Some time ago, I thought it would be useful to understand exactly what is the difference between CD-ROMs recorded in the old High Sierra format versus the ISO 9660 standard. This was in part spurred by the fact that I have a number of CD-ROMs/images that use the High Sierra format (Microsoft Programmer’s Library, some IBM Developer Connection issues, OS/2 Warp 4, and more) that both macOS and Windows 10 refuse to mount. The other part of my motivation was the usual insatiable curiosity. I had no idea about the existence of this different format.
The 6502 was the CPU in my first computer (an Apple II plus), as well as many other popular home computers of the late 1970s and 80s. It lived on well into the 1990s in game consoles and chess computers, mostly in its updated “65C02” CMOS version. Here’s a re-implementation of the 65C02 in an FPGA, in a pin-compatible format that lets you upgrade those old computers and games to 100 MHz clock rate! Interesting project.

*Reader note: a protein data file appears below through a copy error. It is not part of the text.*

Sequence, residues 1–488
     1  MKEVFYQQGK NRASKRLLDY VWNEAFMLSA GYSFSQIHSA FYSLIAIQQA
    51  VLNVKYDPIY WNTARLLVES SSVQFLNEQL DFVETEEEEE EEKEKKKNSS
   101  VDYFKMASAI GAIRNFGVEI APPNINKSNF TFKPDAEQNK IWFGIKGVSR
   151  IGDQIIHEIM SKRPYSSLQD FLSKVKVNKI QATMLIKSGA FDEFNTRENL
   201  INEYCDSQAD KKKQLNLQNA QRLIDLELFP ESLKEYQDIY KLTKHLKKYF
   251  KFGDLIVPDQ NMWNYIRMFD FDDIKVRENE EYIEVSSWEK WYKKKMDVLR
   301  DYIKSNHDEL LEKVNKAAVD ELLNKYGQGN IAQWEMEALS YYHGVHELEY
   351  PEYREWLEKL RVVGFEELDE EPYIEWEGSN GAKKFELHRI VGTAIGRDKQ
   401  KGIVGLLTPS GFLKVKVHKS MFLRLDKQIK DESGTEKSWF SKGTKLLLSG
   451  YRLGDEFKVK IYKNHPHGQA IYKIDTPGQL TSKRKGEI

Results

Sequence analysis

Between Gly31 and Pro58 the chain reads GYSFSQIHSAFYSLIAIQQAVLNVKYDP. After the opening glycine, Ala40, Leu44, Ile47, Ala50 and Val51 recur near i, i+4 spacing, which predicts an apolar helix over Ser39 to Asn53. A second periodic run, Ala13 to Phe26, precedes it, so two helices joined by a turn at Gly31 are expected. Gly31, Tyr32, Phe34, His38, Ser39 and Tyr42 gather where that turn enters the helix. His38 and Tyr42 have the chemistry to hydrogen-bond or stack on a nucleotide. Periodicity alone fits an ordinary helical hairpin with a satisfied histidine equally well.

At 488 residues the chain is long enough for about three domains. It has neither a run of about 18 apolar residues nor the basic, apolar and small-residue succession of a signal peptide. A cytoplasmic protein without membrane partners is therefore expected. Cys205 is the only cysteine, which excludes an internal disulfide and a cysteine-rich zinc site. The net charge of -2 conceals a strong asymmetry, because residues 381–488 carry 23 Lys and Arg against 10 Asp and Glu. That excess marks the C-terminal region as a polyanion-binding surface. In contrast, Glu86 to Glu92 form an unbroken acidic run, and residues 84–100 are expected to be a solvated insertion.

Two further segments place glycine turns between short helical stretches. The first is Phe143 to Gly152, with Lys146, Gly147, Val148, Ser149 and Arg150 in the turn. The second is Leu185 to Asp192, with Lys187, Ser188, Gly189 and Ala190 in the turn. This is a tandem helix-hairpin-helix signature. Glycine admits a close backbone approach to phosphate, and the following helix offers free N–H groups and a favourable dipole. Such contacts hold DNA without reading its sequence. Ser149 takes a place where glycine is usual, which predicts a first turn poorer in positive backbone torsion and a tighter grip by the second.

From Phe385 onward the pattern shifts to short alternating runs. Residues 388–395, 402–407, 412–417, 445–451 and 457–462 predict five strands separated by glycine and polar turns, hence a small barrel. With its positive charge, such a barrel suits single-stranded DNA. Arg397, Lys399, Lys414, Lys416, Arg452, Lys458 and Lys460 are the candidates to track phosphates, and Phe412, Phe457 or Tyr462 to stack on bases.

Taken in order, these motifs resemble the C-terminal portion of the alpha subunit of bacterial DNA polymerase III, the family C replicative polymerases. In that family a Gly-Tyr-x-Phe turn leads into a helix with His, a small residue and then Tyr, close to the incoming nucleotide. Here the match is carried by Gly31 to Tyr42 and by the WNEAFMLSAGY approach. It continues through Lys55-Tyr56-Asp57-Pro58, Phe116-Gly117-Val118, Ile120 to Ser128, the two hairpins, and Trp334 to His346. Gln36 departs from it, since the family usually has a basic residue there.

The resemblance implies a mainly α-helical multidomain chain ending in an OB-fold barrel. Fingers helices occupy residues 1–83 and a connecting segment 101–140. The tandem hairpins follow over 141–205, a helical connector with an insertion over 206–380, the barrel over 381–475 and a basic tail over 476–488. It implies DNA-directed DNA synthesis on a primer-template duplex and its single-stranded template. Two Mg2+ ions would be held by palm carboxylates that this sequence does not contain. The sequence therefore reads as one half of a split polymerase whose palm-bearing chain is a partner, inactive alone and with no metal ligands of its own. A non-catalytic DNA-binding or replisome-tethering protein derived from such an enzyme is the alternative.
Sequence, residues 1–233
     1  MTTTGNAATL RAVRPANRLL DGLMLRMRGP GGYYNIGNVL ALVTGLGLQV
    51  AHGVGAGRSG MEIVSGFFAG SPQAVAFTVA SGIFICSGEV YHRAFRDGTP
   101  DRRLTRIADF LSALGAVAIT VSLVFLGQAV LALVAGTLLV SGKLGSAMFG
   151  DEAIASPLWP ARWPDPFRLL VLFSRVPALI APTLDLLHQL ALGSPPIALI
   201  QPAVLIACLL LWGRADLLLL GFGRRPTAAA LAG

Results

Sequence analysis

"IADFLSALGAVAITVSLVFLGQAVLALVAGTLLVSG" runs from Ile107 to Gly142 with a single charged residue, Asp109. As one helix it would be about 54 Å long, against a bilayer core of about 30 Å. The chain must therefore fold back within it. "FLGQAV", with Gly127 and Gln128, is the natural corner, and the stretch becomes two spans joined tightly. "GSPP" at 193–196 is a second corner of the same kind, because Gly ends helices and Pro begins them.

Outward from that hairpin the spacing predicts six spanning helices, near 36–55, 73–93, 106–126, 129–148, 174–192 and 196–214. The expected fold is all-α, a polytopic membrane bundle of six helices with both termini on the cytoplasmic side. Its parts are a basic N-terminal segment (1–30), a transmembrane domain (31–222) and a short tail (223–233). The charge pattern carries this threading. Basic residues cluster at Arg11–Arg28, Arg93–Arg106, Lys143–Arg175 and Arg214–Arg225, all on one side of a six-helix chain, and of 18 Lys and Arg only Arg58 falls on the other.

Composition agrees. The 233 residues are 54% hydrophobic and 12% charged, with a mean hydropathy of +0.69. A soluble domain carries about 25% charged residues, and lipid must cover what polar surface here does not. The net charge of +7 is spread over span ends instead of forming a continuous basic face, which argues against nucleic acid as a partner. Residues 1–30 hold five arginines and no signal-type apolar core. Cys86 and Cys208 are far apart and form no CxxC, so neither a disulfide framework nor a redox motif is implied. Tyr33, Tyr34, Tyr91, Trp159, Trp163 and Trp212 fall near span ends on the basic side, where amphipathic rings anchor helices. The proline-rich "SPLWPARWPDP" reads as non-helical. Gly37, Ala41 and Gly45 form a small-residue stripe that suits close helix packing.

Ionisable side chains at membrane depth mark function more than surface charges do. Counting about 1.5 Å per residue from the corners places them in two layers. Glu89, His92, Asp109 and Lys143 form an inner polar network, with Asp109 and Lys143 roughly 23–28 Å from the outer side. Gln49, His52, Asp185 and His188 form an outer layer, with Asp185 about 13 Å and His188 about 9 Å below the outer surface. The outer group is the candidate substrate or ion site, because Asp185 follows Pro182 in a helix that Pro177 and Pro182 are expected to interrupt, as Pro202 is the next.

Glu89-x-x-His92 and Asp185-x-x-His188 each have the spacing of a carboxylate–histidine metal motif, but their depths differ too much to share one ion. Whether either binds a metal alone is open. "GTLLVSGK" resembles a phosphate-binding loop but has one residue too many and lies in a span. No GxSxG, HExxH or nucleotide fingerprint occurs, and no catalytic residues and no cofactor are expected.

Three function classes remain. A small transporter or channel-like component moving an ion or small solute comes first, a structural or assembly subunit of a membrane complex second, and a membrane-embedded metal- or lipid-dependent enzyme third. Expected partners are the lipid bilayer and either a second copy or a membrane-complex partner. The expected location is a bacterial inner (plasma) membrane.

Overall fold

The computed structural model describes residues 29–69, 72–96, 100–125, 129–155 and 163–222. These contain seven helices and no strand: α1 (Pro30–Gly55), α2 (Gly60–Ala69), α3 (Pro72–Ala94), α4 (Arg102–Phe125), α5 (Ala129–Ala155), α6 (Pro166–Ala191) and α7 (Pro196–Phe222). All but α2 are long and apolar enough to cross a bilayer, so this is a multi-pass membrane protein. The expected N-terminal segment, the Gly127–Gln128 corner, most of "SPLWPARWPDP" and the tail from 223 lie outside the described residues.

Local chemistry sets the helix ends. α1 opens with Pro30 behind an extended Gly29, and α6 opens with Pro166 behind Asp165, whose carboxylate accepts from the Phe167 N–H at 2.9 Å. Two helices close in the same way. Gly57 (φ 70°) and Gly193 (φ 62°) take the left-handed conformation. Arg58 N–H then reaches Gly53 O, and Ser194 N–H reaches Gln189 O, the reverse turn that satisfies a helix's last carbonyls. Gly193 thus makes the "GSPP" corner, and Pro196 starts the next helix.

This Atari 1040ST is still in use after 36 years! Frans Bos bought this Atari in 1985 to run his camp site (Camping Böhmerwald). He wrote his own software over the years to manage his camp site, as well as reservations and the registration of the guests. He really likes the speed of the machine compared to newer computers. And 6 months every year the machine is on day and night.